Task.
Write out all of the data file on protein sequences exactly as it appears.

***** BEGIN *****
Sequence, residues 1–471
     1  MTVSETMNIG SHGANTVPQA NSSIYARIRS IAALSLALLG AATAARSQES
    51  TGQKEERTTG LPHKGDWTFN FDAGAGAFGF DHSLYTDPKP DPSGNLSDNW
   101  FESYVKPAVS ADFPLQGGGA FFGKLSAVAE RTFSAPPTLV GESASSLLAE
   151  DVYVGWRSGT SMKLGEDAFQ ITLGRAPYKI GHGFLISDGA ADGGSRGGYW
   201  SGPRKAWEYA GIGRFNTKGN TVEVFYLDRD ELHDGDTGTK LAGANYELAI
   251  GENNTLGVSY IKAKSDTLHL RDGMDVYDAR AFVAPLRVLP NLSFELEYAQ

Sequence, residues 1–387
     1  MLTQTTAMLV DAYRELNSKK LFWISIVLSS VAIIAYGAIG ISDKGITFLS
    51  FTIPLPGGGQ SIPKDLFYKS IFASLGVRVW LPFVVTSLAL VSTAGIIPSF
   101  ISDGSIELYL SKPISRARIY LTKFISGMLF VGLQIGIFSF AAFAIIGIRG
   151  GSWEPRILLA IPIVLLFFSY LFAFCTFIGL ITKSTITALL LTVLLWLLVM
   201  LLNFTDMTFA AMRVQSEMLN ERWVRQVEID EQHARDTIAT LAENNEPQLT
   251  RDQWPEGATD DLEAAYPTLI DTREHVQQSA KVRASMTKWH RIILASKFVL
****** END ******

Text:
Sequence, residues 1–471
     1  MTVSETMNIG SHGANTVPQA NSSIYARIRS IAALSLALLG AATAARSQES
    51  TGQKEERTTG LPHKGDWTFN FDAGAGAFGF DHSLYTDPKP DPSGNLSDNW
   101  FESYVKPAVS ADFPLQGGGA FFGKLSAVAE RTFSAPPTLV GESASSLLAE
   151  DVYVGWRSGT SMKLGEDAFQ ITLGRAPYKI GHGFLISDGA ADGGSRGGYW
   201  SGPRKAWEYA GIGRFNTKGN TVEVFYLDRD ELHDGDTGTK LAGANYELAI
   251  GENNTLGVSY IKAKSDTLHL RDGMDVYDAR AFVAPLRVLP NLSFELEYAQ

Sequence, residues 1–387
     1  MLTQTTAMLV DAYRELNSKK LFWISIVLSS VAIIAYGAIG ISDKGITFLS
    51  FTIPLPGGGQ SIPKDLFYKS IFASLGVRVW LPFVVTSLAL VSTAGIIPSF
   101  ISDGSIELYL SKPISRARIY LTKFISGMLF VGLQIGIFSF AAFAIIGIRG
   151  GSWEPRILLA IPIVLLFFSY LFAFCTFIGL ITKSTITALL LTVLLWLLVM
   201  LLNFTDMTFA AMRVQSEMLN ERWVRQVEID EQHARDTIAT LAENNEPQLT
   251  RDQWPEGATD DLEAAYPTLI DTREHVQQSA KVRASMTKWH RIILASKFVL